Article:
How Your Brain Manages Muscle Fatigue

Via Axon Sports

Endurance athletes, both competitive and weekend warriors, know the feeling. Out on a long run or bike ride, their muscles start to feel a lot heavier the closer they get to their training distance goal.  While it makes sense that your muscles would get more tired the longer you go, sometimes it feels as if your brain is convincing you not to have any illusions of going past the agreed upon training distance.  Now, researchers at the University of Zurich have discovered that there is a control valve mechanism in the brain that actually decreases muscle performance and sends increased fatigue signals to your conscious mind to provide overload protection for your body.

In a previous Axon article, we looked at the brain’s role in managing your fatigue.  Traditionally, fatigue used to be considered a breakdown of biochemical balances with the build-up of lactic acid or depletion of glycogen for fuel.  However, research in the 1980s showed that this breakdown did not always occur and that athletes were still able to push through at the end of a race even though they should have been physically exhausted.

A new theory of the brain as a “central governor” emerged.  Like a warning light in your car, the brain calculates the time to physical catastrophe or total exhaustion based on the current pace and feedback signals from the body.  When it feels you won’t make it to your desired finish line, it begins to lower muscle output and sends messages to your conscious brain that its time to quit.

Led by neuropsychologist Kai Lutz, the Zurich team actually completed three different but related experiments to tie together the entire exercise process.  First, they wondered if you could “hide” the bad news of exhaustion from the muscle to the brain by blocking the warning signals.  They asked a group of volunteers to perform a thigh muscle contraction exercise until they could not continue.  Then, using spinal cord anesthesia, they were able to block all messages coming back from the thigh to the primary motor cortex, the movement control area of the brain.  As predicted, the athletes were able to perform significantly more contractions once their brain was not monitoring their fatigue.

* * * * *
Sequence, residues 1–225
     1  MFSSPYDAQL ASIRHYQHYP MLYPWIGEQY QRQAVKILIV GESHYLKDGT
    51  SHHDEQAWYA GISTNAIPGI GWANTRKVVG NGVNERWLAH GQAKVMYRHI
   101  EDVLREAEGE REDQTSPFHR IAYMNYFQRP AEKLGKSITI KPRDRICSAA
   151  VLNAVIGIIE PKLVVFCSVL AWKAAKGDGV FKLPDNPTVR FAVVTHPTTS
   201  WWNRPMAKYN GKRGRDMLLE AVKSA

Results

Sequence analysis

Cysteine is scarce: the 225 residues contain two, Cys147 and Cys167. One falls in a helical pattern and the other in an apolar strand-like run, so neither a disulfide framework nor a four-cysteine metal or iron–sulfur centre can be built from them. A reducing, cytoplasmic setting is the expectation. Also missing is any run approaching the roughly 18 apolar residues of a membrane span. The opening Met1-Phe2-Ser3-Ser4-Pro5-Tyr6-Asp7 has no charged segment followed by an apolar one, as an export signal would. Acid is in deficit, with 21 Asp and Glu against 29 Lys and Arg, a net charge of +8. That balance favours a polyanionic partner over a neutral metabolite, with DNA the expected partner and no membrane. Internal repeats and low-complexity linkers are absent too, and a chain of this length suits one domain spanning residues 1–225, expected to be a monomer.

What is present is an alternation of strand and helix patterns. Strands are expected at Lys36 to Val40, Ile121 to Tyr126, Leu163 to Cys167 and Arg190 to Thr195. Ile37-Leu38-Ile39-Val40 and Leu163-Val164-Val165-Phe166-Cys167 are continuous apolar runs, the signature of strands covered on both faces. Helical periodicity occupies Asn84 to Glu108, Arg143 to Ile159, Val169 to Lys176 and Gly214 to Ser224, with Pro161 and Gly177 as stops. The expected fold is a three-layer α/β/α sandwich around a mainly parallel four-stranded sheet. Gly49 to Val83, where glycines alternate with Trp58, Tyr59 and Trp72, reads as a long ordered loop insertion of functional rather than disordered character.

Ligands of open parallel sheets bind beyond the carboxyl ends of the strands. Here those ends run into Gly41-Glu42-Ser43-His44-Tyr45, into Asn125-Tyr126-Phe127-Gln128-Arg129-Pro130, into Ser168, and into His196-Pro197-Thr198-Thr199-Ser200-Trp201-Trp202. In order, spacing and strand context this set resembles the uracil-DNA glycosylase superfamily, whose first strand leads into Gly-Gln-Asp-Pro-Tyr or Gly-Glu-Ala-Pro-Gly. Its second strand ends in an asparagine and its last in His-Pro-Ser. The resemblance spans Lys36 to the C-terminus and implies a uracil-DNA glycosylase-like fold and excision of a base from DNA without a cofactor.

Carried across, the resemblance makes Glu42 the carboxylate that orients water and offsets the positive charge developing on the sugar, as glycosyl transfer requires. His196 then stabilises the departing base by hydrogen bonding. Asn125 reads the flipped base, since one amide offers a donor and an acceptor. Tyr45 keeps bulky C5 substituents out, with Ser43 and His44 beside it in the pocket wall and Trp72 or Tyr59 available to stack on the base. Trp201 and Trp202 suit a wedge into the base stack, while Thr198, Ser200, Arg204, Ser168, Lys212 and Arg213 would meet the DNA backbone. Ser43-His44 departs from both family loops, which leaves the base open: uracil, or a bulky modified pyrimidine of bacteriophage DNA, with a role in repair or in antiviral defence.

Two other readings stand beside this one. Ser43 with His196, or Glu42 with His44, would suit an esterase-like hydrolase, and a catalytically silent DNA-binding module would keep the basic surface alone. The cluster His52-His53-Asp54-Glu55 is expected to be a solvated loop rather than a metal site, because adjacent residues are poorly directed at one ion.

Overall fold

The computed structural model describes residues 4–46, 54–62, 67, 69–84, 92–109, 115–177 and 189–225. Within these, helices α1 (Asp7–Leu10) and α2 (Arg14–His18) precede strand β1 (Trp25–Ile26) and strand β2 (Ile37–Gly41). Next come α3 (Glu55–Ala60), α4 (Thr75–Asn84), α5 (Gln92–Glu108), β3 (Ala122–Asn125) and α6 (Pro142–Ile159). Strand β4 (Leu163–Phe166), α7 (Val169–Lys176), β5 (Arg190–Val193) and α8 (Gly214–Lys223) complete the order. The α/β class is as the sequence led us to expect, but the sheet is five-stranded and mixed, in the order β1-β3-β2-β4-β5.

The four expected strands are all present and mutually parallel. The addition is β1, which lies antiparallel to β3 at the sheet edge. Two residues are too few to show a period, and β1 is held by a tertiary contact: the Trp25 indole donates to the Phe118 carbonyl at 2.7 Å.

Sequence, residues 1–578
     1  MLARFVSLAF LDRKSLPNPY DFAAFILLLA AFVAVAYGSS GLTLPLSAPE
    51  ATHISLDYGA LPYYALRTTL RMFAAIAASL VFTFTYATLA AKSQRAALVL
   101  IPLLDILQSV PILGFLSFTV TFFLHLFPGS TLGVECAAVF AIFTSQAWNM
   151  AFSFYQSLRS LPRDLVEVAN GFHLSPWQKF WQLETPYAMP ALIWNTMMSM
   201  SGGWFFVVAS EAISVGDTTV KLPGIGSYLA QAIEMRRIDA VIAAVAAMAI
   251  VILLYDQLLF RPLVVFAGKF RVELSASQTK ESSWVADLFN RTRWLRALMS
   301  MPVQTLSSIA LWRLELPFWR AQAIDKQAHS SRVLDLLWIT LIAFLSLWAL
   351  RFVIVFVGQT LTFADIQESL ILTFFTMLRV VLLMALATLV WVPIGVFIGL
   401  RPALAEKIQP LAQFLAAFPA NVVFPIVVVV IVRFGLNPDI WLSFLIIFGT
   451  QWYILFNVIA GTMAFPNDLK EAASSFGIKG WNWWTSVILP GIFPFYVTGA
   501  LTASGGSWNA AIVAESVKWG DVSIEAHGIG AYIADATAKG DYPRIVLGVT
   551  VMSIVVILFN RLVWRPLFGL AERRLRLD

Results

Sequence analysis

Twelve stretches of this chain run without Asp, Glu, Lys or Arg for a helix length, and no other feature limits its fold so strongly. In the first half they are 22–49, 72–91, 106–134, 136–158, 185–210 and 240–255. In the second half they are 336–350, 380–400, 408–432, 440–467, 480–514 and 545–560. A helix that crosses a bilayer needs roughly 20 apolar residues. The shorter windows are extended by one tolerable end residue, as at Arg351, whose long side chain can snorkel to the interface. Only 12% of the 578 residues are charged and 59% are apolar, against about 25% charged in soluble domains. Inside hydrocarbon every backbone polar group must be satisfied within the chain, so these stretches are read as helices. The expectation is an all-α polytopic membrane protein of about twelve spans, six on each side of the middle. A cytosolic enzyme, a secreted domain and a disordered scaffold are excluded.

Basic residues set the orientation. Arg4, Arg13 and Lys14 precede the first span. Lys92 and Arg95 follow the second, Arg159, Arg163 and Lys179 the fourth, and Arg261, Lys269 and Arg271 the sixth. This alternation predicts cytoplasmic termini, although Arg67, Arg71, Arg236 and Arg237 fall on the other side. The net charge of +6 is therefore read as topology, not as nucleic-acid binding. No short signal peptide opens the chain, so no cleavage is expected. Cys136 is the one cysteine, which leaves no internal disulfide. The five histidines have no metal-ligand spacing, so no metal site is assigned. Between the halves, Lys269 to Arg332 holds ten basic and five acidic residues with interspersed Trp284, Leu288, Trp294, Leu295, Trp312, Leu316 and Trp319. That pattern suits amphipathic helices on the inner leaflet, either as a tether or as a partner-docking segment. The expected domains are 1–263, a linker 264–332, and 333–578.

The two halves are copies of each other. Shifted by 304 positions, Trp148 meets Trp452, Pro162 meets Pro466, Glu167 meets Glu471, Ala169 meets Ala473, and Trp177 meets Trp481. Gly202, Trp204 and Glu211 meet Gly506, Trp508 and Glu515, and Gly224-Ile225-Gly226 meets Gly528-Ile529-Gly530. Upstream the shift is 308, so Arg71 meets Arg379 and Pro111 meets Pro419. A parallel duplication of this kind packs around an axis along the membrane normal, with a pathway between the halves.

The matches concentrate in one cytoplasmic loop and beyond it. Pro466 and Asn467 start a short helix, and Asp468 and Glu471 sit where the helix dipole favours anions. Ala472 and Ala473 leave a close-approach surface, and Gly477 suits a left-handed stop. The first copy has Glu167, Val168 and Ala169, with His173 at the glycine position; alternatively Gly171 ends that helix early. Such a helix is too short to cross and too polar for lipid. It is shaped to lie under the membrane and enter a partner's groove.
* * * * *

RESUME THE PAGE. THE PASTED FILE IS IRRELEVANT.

Credit: University of Zurich

Of course, knowing exactly where in the brain these signals are received would be more useful to future research, so the Lutz team, with help from Urs Boutellier from the Institute of Human Movement Sciences and Sport at ETH Zurich, used functional magnetic resonance imaging to narrow down the location.  While the athlete volunteers performed exhausting exercises, fMRI of their brains showed increased activity shortly before fatigue in the thalamus and the insular cortex — both areas of the brain which analyze information that also guard against outside threats like pain and hunger.

To pinpoint the exact source of fatigue signals, a third experiment, conducted by Lea Hilty as part of her doctoral thesis, has now been published in the European Journal of Neuroscience. Using a biking exercise with 16 volunteers, she noticed specific communication activity between the insular cortex and the primary motoric area increased as the riders fatigue progressed.

“This can be regarded as evidence that the neuronal system found not only informs the brain, but also actually has a regulating effect on motor activity,” said Hilty.

Now knowing this specific communication path, sports science researchers hope to be able to develop new training regimens that can influence this process for better results.  According to Lutz, “The findings are an important step in discovering the role the brain plays in muscle fatigue. Based on these studies, it won’t just be possible to develop strategies to optimize muscular performance, but also specifically investigate reasons for reduced muscular performance in various diseases.”

This research may give a whole new meaning to the “power song” on our iPods when we’re running on empty but need to get to the finish line.

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